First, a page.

Their league endeavours concluded on a low note when Cork overwhelmed them in the latter stages of the semi-final in Semple Stadium.
On Sunday, Tipperary return to their Thurles home knowing victory over Limerick will give them another shot at Jimmy Barry-Murphy’s charges.
The general expectation may be that Tipperary are warm favourites to reprise their tie with Cork. Yet when Declan Ryan considers the personnel steering Limerick, his immediate reaction is to be cautious.
Manager John Allen is well-versed in beating Tipperary teams and coach Donagh O’Donnell guided Nenagh CBS to the All-Ireland colleges title.
“Limerick are in a rebuilding phase at the minute,” said Ryan.
“The one thing you can say about Limerick is they’ve got a lot of potential in their forward line. That’s something every team wants. John Allen will have the team very well organised, he’s a good organiser and a good coach. Donagh O’Donnell will have done a lot of good work with Limerick as well.”
Fine-tuning his own team’s preparations is of paramount importance to Ryan. When picking over the bones of that Cork defeat, he pinpointed deficiencies in their mental state as the root cause for the ineffective display.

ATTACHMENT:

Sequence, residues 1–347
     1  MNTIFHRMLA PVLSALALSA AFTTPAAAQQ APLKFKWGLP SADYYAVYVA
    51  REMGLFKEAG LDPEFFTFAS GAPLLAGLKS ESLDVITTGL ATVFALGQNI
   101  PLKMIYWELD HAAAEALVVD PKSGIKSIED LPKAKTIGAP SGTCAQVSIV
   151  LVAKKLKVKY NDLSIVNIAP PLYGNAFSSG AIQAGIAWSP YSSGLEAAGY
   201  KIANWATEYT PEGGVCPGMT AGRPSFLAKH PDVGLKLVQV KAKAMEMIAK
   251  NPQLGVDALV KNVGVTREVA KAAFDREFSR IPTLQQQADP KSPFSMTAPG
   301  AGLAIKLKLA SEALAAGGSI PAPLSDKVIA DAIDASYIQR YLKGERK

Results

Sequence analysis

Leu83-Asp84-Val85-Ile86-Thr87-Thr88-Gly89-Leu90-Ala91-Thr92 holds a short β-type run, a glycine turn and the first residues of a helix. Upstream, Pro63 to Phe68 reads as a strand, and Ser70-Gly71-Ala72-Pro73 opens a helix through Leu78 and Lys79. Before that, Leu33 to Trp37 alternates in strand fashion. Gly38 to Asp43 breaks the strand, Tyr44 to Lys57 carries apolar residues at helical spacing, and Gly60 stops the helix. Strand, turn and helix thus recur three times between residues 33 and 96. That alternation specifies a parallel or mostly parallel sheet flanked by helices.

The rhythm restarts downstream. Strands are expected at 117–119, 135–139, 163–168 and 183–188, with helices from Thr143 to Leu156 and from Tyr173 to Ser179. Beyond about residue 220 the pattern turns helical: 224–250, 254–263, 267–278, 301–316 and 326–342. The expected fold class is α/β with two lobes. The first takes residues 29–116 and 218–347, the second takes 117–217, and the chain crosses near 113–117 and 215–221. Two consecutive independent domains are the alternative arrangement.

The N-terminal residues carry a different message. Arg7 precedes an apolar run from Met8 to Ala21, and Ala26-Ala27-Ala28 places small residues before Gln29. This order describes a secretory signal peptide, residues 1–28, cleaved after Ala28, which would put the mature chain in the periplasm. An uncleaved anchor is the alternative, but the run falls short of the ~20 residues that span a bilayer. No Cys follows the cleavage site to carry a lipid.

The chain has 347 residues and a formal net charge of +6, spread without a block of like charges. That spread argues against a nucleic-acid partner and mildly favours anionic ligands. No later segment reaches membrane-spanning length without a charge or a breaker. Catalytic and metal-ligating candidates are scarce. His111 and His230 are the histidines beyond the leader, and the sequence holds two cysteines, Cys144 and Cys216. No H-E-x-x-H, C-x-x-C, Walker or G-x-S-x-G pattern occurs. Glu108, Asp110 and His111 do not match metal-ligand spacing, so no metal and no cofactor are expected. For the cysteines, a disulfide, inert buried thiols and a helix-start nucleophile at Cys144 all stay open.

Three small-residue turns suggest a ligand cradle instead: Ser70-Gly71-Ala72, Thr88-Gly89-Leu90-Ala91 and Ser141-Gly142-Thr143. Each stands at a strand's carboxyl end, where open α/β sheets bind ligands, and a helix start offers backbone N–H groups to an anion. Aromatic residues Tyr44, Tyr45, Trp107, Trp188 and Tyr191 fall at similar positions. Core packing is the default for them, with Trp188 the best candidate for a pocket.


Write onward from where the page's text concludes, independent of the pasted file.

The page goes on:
“If you go out and are not tuned in mentally, you’ll struggle to perform. That’s the same for every team.
“You have to gauge it in the preparation the week before. How lads are reacting, their body language and that sort of thing. The biggest thing that I’ve learned as a manager is that, regardless of how physically well you’ve prepared — and our guys are in very good physical shape — if you’re not tuned in and you’re not mentally prepared to go for every ball as if it’s your last, you’re going to struggle.”
Yet Ryan has confidence in his players and hopes his plans to alter a few elements of their preparation will pay off.
“We’ve been looking at a couple of those things in the last couple of weeks then and we’ll be putting them in practice for the Limerick game. Our team are more a championship team, and they relish the occasion. This particular group of players are mentally geared towards championship. Judging by the way our guys have trained and prepared over the last couple of weeks, we’re going to go full belt on Sunday.”
At the outset of another championship season, Tipperary enjoy a status as one of the market leaders in national hurling. Yet that increases expectations and the standards demanded by their own supporters are high.
“You have to put everything in perspective — hurling is a way of life in Tipperary,” outlined Ryan.
“I’m just amazed at how committed these guys are. It’s disappointing when you see them going out and maybe not getting the breaks they deserve because the commitment they give is fantastic.
“Everyone is entitled to their opinion in Tipp. That’s a positive thing — it’s no different than Kilkenny, Cork, Limerick or anywhere else. Any real hurling people that know what goes into preparing these teams and understand the lifestyles these players live during championship would be very fair in their comments.
“Obviously, we had a couple of games last year when we didn’t play to form and the guys shipped a bit of criticism for that. But you just get on with it and prepare as best as you can for the next game. And that’s what we’re about for Limerick.”
© Irish Examiner Ltd. All rights reserved